Turners Chapter 2 Summary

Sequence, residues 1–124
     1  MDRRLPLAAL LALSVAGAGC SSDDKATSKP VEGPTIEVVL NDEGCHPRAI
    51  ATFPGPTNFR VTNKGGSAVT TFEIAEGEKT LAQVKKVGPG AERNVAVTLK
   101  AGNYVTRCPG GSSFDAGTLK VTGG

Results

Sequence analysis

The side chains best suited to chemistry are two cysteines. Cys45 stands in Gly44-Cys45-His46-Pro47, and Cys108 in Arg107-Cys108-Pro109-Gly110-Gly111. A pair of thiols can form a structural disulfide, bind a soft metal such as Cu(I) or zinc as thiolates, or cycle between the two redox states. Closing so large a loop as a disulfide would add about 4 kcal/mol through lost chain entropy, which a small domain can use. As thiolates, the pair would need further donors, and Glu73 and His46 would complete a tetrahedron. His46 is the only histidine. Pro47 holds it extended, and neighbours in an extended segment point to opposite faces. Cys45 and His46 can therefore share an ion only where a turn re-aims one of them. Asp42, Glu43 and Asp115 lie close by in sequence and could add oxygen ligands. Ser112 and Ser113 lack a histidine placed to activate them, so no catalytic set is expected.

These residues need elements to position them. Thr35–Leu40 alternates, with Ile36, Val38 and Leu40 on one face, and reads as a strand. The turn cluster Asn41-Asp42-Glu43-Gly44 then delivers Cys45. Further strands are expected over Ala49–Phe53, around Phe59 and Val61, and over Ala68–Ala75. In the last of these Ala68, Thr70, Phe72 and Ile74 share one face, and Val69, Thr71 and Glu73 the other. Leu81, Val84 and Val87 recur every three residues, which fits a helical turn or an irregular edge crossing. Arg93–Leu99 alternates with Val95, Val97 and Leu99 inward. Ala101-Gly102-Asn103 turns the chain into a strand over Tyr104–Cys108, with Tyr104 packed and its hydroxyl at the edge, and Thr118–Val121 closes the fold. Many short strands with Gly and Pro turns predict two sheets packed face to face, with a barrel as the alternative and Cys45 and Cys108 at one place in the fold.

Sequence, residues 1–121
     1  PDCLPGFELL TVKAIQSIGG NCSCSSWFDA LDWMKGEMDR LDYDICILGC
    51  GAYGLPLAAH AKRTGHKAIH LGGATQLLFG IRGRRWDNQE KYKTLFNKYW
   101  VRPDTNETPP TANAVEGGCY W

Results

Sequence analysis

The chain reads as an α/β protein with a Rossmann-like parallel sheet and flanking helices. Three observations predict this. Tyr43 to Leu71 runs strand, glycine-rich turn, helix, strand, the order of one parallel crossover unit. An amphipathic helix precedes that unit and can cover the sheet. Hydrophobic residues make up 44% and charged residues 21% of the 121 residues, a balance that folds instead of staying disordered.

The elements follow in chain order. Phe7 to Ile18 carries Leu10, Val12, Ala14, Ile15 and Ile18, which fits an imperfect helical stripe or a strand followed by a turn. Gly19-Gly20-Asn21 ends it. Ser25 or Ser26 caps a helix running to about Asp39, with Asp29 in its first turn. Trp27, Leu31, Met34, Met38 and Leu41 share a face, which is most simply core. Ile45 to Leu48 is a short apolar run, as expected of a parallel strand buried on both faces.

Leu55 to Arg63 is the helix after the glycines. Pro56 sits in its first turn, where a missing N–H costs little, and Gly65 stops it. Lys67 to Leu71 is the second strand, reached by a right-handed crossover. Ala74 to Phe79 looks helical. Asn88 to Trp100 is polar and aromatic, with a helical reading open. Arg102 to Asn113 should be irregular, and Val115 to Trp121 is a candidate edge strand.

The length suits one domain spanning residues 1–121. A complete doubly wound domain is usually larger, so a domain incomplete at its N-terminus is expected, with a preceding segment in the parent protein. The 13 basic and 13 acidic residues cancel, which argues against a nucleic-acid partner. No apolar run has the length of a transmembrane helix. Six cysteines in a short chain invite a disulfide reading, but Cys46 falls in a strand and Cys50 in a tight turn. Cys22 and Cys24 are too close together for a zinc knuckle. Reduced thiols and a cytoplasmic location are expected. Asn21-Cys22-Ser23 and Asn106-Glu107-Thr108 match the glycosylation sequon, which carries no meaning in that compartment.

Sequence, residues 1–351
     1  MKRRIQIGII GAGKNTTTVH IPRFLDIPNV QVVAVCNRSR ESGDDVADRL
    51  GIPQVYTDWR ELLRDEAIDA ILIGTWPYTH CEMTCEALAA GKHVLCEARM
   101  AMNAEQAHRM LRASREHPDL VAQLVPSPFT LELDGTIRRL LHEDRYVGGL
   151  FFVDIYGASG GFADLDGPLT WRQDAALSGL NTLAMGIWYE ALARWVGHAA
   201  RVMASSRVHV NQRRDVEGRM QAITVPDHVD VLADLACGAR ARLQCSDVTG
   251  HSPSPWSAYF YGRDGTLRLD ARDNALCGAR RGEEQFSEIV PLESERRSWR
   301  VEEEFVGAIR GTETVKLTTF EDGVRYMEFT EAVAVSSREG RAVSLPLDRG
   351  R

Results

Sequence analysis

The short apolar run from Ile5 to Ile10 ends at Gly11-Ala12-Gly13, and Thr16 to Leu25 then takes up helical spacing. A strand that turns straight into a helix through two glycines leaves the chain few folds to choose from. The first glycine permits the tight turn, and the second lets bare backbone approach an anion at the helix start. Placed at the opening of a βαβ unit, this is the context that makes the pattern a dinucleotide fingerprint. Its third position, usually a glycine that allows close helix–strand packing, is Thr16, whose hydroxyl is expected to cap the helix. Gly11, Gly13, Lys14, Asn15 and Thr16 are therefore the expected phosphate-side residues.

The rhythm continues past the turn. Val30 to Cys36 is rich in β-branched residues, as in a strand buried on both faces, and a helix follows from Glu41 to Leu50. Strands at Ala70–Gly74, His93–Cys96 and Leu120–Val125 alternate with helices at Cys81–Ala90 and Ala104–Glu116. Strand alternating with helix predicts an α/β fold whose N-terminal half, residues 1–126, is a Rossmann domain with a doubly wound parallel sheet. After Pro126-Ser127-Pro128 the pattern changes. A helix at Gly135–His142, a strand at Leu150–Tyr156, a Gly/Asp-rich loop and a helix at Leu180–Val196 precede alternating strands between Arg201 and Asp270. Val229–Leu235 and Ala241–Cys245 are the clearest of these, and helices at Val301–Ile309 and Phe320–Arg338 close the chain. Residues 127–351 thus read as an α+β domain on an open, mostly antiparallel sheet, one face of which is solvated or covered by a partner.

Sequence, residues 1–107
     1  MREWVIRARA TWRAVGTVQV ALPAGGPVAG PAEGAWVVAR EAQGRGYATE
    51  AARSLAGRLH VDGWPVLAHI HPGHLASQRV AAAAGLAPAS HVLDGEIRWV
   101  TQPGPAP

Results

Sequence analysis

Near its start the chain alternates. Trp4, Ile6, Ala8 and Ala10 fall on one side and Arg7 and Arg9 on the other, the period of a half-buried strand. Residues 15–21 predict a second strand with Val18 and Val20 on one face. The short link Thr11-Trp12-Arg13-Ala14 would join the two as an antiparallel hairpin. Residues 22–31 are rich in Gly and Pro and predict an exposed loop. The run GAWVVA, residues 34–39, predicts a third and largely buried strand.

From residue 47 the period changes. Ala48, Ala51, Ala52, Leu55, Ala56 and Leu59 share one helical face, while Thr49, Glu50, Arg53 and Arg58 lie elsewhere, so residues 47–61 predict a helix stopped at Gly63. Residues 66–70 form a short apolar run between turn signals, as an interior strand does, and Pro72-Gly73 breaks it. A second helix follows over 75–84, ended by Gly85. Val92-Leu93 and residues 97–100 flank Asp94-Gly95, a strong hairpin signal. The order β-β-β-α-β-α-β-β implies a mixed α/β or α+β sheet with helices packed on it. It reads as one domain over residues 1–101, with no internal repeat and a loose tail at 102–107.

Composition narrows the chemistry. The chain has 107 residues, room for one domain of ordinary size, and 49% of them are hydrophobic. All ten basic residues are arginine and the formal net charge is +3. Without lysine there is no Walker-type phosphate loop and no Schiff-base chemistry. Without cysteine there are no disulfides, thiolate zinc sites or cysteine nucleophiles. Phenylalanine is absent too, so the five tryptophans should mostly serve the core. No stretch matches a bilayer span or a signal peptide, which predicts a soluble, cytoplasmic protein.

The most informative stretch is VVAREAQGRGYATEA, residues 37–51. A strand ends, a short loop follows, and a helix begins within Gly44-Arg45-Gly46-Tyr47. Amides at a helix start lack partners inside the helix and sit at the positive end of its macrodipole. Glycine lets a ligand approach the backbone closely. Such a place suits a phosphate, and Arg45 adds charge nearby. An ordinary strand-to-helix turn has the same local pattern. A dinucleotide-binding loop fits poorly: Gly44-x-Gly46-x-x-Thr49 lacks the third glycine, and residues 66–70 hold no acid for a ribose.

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Turner chptr 2 Turner's rituals are the role played by liminality, structure, and communitas. Ritual serves, for Turner, the function of balancing structure and communitas. The individuals participating in the rituals are, temporarily, outside of the normal social structure, and thus, are in a liminal state. The initiate is first stripped of the social status that he or she possessed before the ritual, inducted into the liminal period of transition, and finally given his or her new status and reassimilated into society. He focuses entirely on the middle stage of rites of passage—the transitional or liminal stage. He notes, “The subject of passage ritual is, in the liminal period, structurally, if not physically, ‘invisible’”. That is, the status of liminal individuals is socially and structurally ambiguous. He develops this idea further in a concise definition of liminality that will inform his future writings: “Liminality may perhaps be regarded as the Nay to all positive structural assertions, but as in some sense the source of them all, and, more than that, as a realm of pure possibility whence novel configurations of ideas and relations may arise”. Turner also points out, that liminal individuals are polluting, and thus dangerous, to those who have not gone through the liminal period. In addition, liminal individuals have nothing: “no status, insignia, secular clothing, rank, kinship position, nothing to demarcate them structurally from their fellows”. The group of liminal individuals is not a typical social hierarchy but a communal group in which all are equal. In “Liminality and Communitas,” Turner begins by defining liminal individuals or entities as “neither here nor there; they are betwixt and between the positions assigned and arrayed by law, custom, convention, and ceremony”. He then goes on to name the non-structure or anti-structure that he…...

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